Skip to main content

How to use GraphQL

GraphQL

Quiltt uses GraphQL as the primary API interface for customer data. If you are new to GraphQL, we recommend trying out the introductory materials at GraphQL.org [https://graphql.org/]. About GraphQL GraphQL is a modern and flexible API spec that allows the requesting client to design the response to suit their needs. Rather than having to page through many REST responses containing data that you don't need, you can craft a concise and specific request that is guaranteed to return only the deta

Quiltt uses GraphQL as the primary API interface for customer data. If you are new to GraphQL, we recommend trying out the introductory materials at GraphQL.org.

About GraphQL

GraphQL is a modern and flexible API spec that allows the requesting client to design the response to suit their needs. Rather than having to page through many REST responses containing data that you don't need, you can craft a concise and specific request that is guaranteed to return only the details you do need.

Compounding this flexibility is the option to pack multiple queries and mutations into a single call to apply and retrieve changes all at once. Additionally, you can also batch requests using tools like Apollo Client, which will, for example, automatically roll up different requests from various components of your React.js app.

Authenticating

To use the GraphQL endpoint, you need to obtain a User Session Token for one of your users.

Sample Query: profile

In this example, we will define a query to get the user's basic profile details, and send it to our /graphql endpoint.

query GetProfile {
  profile {
    email
    id
    name
    phone
  }
}
HTTP/1.1 200 OK

{
  "data": {
    "profile": {
      "email": "example@quiltt.io",
      "id": "00000000-0000-0000-0000-000000000000",
      "name": null,
      "phone": null
    }
  }
}
Note that the response data object always mirrors the structure of the query

Sample Mutation: profileUpdate

To update the user's profile, we can send a mutation like this:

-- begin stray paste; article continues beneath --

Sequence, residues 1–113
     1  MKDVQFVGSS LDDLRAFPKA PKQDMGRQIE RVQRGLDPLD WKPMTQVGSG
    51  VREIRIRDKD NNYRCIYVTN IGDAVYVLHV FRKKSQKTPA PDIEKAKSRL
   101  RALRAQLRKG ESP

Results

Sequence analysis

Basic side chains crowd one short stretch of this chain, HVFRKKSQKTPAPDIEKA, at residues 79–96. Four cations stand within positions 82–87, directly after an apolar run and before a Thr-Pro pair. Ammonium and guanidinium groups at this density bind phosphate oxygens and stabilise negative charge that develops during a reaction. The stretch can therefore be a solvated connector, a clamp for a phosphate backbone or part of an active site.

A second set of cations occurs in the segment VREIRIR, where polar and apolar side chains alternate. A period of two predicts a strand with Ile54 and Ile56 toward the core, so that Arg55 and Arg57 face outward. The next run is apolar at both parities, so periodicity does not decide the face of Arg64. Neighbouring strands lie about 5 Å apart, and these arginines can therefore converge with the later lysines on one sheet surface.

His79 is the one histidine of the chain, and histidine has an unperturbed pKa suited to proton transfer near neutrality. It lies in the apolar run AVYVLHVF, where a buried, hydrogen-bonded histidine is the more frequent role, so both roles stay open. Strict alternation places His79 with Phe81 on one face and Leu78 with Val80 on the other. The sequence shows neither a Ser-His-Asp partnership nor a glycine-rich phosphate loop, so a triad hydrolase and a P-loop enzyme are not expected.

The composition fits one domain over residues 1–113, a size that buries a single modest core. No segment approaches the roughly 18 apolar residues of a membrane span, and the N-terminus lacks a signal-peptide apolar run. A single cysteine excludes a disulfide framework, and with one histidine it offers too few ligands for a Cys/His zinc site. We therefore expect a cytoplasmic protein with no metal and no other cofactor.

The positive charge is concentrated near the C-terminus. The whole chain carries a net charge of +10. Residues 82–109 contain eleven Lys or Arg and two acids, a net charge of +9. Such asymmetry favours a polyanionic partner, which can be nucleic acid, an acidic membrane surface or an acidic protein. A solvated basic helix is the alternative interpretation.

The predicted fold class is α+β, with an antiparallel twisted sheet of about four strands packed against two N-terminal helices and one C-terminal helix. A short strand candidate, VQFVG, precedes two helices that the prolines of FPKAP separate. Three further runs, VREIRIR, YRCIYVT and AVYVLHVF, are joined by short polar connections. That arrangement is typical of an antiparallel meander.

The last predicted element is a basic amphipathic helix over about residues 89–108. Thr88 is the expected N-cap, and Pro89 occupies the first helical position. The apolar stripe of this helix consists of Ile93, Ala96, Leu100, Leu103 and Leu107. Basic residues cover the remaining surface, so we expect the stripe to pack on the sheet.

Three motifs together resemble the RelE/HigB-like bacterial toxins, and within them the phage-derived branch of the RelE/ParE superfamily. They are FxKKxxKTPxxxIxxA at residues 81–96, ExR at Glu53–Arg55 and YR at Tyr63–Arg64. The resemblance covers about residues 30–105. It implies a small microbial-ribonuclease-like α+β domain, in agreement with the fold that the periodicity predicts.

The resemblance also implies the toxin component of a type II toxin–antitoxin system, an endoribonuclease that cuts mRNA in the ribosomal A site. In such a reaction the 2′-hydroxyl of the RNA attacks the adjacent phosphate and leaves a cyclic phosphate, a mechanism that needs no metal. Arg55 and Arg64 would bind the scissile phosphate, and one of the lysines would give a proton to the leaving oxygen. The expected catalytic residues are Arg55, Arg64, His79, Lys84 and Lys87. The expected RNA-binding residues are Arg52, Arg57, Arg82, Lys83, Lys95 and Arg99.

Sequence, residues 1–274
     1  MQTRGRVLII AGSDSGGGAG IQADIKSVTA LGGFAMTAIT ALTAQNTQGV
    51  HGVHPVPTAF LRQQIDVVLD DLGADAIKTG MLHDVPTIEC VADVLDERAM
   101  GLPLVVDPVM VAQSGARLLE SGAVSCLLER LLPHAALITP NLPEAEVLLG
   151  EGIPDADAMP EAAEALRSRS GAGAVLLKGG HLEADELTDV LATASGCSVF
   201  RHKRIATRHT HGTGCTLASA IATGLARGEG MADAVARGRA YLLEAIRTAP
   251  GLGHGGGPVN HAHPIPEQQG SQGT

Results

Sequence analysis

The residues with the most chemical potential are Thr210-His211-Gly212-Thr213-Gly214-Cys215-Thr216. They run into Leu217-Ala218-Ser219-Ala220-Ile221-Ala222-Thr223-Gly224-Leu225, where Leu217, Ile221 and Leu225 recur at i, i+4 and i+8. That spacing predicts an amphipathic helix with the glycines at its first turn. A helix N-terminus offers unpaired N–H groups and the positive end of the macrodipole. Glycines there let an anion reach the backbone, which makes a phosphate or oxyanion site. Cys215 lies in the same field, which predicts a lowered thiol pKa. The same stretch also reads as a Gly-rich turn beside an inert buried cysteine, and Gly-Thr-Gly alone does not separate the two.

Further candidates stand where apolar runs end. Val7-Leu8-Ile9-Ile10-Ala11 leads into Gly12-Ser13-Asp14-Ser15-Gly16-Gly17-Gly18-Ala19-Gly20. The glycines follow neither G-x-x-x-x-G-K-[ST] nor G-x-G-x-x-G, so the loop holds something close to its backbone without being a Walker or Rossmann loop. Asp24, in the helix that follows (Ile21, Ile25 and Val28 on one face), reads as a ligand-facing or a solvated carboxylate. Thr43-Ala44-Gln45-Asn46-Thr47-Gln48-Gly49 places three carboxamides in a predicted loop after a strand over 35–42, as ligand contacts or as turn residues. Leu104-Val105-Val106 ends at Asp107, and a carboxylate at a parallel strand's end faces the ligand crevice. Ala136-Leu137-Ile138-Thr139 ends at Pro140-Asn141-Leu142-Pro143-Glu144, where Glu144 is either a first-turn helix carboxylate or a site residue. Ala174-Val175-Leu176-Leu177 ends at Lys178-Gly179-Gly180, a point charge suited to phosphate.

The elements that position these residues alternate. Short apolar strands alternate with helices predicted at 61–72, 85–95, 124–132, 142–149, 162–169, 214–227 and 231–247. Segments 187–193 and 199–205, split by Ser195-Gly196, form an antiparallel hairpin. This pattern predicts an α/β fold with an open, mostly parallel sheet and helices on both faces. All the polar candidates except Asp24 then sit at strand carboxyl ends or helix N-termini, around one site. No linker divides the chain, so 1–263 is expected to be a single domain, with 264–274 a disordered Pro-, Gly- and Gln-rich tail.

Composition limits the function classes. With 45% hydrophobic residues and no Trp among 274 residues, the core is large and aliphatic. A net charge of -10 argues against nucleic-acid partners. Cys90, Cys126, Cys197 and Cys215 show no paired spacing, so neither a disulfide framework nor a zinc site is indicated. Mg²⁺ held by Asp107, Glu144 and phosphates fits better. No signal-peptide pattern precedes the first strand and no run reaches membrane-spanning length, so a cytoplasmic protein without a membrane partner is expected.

mutation UpdateName($name: String) {
  profileUpdate(input: { name: $name }) {
    success
    record {
      id
      name
    }
    errors {
      message
      path
    }
  }
}
HTTP/1.1 200 OK

{
  "data": {
    "profileUpdate": {
      "success": true,
      "record": {
        "id": "00000000-0000-0000-0000-000000000000",
        "name": "Quiltty"
      },
      "errors": null
    }
  }
}

Each mutation response will return a success status (true|false), along a record or errors objects with the fields you specified in your request.

Libraries

The examples requests above were made as classic HTTP requests. However, there is a wealth of open-source clients and libraries provided by the GraphQL community, as well as extensions from Quiltt that seamlessly plug-in to your client-side or server-side framework of choice.

For example, here's the profile query example, using React Hooks with Apollo Client, as found in our react starter template:

import * as React from 'react'
import { gql, useQuery } from '@apollo/client'

const GET_PROFILE = gql`
  query {
    profile {
      email
      id
      name
      phone
    }
  }
`

export const Profile: React.VFC = () => {
  const { loading, data } = useQuery(GET_PROFILE);

  if(loading) return <p>Loading...</p>

  return <p>Welcome back {data.profile.name}!</p>
}
Note: By fetching the profile id we enable Apollo's caching layer to update automatically and keep the latest data in sync across various components.

Since GraphQL is strongly typed and self-documenting, the best way to explore our schema is with QuilttGraphiQL, our interactive API Explorer. Contact team@quiltt.io to request access.